78. The constitutional principle of substantive equality places an important obligation on all governmental actors to become aware of, and address, both their own biases as well as the structures of inequality that shape Canadian society. Judges too have an ongoing obligation to reflect upon and transcend their own biases based on their life experience, which may be very different from that of the claimant before them.

79. Judging involves a highly contextualized process of interpretation and reasoning. The nature of judging was aptly described by Justices Claire L’Heureux-Dube´ and Beverley McLachlin in R.D.S. v. The Queen, [1997] 3 S.C.R. 484, where they used the term ‘‘conscious contextual inquiry’’ (at para. 42). I agree with their comment at paragraph 41 that questions of fact or law are not decided in a vacuum but rather are ‘‘the consequence of numerous actors, influenced by the innumerable forces which impact on them in a particular context.’’ The judicial inquiry must perforce extend into the factual, social, and psychological context within which litigation arises. Thus ‘‘a conscious contextual inquiry’’ is an important and widely accepted step towards judicial impartiality.

80. L’Heureux-Dube´ J. addressed this issue directly in her judgment in the Court when she refers to Neil Brooks’s comments (Neil Brooks, ‘‘The Principles Underlying the Deduction of Business Expenses,’’ in Brian G. Hansen, Vern Krishna, and James A. Rendall, eds., Essays on Canadian Taxation (Toronto: Richard De Boo, 1978)) about the ways in which

[j]udges know on the basis of their own experience that an expense incurred under certain circumstances would be incurred by them for a personal purpose; they infer, therefore, that it is probable that some other person, under similar circumstances, would incur the expense for the same purpose (at 259).

81. I concur with L’Heureux-Dube´ J. that the proper interpretive approach to issues of equality must recognize that a real solution to discrimination cannot be arrived at without incorporating the perspective of the group suffering discrimination. In this case, the substantive equality norm demands that the experience of women as well as men shape the definition of a business expense.

B. The Nature of Women’s Inequalities

82. As noted above, the first step in any equality claim before the courts, whether a direct Charter challenge is pleaded or the fundamental constitutional principles of substantive equality values are engaged as an aid to interpreting the common law or in the course of statutory interpretation, is to look at the full context surrounding the claim. Constitutional questions must be examined in their broader political, social, and historical context in order to attempt any kind of meaningful constitutional analysis (R. v. Turpin, [1989] 1 S.C.R. 1296).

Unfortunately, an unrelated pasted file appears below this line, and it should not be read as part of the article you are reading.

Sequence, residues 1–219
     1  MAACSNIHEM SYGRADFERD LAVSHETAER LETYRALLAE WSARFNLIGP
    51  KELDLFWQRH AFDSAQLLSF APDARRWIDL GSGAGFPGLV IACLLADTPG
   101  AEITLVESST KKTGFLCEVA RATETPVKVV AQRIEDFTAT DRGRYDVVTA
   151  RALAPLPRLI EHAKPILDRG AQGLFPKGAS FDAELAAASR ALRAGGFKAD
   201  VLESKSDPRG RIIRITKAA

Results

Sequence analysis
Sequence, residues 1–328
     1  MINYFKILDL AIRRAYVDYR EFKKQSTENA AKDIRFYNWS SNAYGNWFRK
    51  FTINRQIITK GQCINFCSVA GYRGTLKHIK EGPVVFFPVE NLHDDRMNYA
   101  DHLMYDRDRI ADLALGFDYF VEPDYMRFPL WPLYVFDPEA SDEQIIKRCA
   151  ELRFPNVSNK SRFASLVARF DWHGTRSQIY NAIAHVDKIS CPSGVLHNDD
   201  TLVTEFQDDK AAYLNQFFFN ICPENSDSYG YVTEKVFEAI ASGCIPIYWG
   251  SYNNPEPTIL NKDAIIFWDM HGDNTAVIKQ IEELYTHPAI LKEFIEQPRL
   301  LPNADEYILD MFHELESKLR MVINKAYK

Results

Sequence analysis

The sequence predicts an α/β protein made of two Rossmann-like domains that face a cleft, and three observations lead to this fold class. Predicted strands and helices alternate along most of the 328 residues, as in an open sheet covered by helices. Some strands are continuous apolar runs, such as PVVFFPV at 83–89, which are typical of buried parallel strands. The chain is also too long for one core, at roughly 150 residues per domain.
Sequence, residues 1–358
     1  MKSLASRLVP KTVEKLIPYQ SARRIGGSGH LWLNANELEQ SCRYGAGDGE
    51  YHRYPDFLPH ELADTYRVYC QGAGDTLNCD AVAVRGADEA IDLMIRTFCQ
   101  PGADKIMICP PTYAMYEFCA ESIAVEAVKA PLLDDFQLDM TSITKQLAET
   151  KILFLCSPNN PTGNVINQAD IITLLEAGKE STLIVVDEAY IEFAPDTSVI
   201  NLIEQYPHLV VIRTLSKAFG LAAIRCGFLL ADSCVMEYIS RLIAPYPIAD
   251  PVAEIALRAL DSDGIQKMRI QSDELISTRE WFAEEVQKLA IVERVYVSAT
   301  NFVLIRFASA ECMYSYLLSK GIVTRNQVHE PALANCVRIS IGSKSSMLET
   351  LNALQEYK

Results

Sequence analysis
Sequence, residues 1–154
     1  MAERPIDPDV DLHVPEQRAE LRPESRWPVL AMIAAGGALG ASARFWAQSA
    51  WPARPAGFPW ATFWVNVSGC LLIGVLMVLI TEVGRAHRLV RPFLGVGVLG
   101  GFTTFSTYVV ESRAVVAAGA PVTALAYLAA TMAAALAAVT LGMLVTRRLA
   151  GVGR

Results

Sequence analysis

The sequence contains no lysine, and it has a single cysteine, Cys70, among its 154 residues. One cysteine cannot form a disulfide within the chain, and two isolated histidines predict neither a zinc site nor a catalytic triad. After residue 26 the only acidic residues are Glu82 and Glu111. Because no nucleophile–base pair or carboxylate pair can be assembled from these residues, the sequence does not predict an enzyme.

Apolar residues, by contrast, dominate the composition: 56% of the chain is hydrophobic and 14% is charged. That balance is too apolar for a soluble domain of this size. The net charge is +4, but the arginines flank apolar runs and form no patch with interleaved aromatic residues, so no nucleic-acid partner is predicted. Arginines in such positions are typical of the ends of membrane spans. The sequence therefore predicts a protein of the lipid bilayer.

83. Here the claim is based on sex and requires the court to ascertain in broad terms the nature of the inequalities women experience as they pertain to women’s role in childcare and to the impact that it has had on women’s participation in the paid labour force, as well as on how the paid labour force has been constructed. It is widely understood that women as a group are disadvantaged and that there are economic, social, legal, and political dimensions of this group disadvantage. Sex is not simply a matter of biological characteristics. It involves the socially constructed consequences of being female.

84. Women in Canada generally are economically unequal to men. They are poorer than men and face a higher risk of poverty. Race and disability complicate and deepen this inequality. Being a single mother, a woman of colour, an Aboriginal woman, or a woman with a disability further increases the risk of poverty. Even when their incomes are above the poverty level, women are not economically equal to men. Though women have moved into the paid labour force in ever-increasing numbers over the last decades, they do not enjoy equality in earnings, in access to non-traditional jobs and managerial positions, or in benefits. The gap between men’s and women’s full-time, full-year wages is, in part, owing to occupational segregation in the workforce that remains entrenched and to the lower pay that is accorded to traditionally female jobs. Though the wage gap has decreased in recent years, with women employed on a full-time, full-year basis now earning about 72 per cent of the amount earned by men in comparable jobs, part of this narrowing of the gap is due to a decline in men’s earnings as a result of restructuring and not to an increase in women’s earnings (see, for example, Day and Brodsky, at 6-7).